"Seeing he was a French student, [they] gave him a polite but firm 'no more climbing' and let him go," Gielen wrote. "The crowd, who showed restraint in equal measure to the police, chanted 'Merci! Merci! Bravo!' applauding the police discretion and parted to let them return to their posts around the Place. It was an extraordinary display of community and communication."

17. A young woman in a cafe, who refuses to be terrorized.

Sophie, who the couple met at Attitude Cafe, talked about resilience in the face of uncertainty.

"We are sitting here, and yes we are afraid another car can come, and kill us," she told the couple, in a conversation they recalled on Facebook.

"But come on — have guts."

Pop Culture

Artist uses AI to create ultra realistic portraits of celebrities who left us too soon

What would certain icons look like if nothing had happened to them?

Mercury would be 76 today.

Some icons have truly left this world too early. It’s a tragedy when anyone doesn’t make it to see old age, but when it happens to a well-known public figure, it’s like a bit of their art and legacy dies with them. What might Freddie Mercury have created if he were granted the gift of long life? Bruce Lee? Princess Diana?

Their futures might be mere musings of our imagination, but thanks to a lot of creativity (and a little tech) we can now get a glimpse into what these celebrities might have looked like when they were older.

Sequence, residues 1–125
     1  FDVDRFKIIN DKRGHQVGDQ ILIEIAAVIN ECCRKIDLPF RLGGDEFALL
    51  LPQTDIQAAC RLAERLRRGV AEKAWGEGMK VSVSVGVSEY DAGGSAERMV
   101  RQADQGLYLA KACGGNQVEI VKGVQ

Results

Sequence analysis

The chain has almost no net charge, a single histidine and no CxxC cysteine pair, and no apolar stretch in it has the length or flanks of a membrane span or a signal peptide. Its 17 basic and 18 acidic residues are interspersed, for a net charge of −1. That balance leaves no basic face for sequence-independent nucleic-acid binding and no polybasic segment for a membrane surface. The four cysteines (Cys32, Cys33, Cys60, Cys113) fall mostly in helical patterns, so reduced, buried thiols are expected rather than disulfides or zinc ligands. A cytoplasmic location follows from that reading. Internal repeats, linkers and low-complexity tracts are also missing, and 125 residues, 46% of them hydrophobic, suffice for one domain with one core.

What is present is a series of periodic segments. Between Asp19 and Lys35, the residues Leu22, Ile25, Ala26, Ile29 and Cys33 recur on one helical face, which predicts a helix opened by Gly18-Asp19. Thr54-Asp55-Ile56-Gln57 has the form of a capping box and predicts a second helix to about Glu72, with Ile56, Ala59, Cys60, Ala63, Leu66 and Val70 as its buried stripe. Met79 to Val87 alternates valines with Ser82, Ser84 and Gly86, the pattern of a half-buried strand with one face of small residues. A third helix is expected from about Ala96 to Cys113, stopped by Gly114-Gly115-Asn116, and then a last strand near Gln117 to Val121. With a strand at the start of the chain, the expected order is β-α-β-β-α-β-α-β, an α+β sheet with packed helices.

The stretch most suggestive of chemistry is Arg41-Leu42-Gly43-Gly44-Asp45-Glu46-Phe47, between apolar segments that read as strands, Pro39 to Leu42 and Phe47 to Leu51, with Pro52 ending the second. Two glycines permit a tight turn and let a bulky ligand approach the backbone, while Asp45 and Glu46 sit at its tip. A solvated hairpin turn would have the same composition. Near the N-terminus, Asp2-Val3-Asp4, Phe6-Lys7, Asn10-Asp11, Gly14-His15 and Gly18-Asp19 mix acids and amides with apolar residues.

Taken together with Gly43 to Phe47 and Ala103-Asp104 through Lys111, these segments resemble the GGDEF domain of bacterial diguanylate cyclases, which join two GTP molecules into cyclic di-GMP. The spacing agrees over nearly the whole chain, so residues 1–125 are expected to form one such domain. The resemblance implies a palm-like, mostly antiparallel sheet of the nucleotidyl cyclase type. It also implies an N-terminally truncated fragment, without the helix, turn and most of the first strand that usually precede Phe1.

Alper Yesiltas, an Istanbul-based lawyer and photographer, created a photography series titled “As If Nothing Happened,” which features eerily realistic portraits of long gone celebrities in their golden years. To make the images as real looking as possible, Yesiltas incorporated various photo editing programs such as Adobe Lightroom and VSCO, as well as the AI photo-enhancing software Remini.

“The hardest part of the creative process for me is making the image feel ‘real’ to me,” Yesiltas wrote about his passion project. “The moment I like the most is when I think the image in front of me looks as if it was taken by a photographer.”

Yesiltas’ meticulousness paid off, because the results are uncanny.

Along with each photo, Yesiltas writes a bittersweet message “wishing” how things might have gone differently … as if nothing happened.
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All images provided by Adewole Adamson

It begins with more inclusive conversations at a patient level

True

Adewole Adamson, MD, of the University of Texas, Austin, aims to create more equity in health care by gathering data from more diverse populations by using artificial intelligence (AI), a type of machine learning. Dr. Adamson’s work is funded by the American Cancer Society (ACS), an organization committed to advancing health equity through research priorities, programs and services for groups who have been marginalized.

Melanoma became a particular focus for Dr. Adamson after meeting Avery Smith, who lost his wife—a Black woman—to the deadly disease.

melanoma,  melanoma for dark skin Avery Smith (left) and Adamson (sidenote)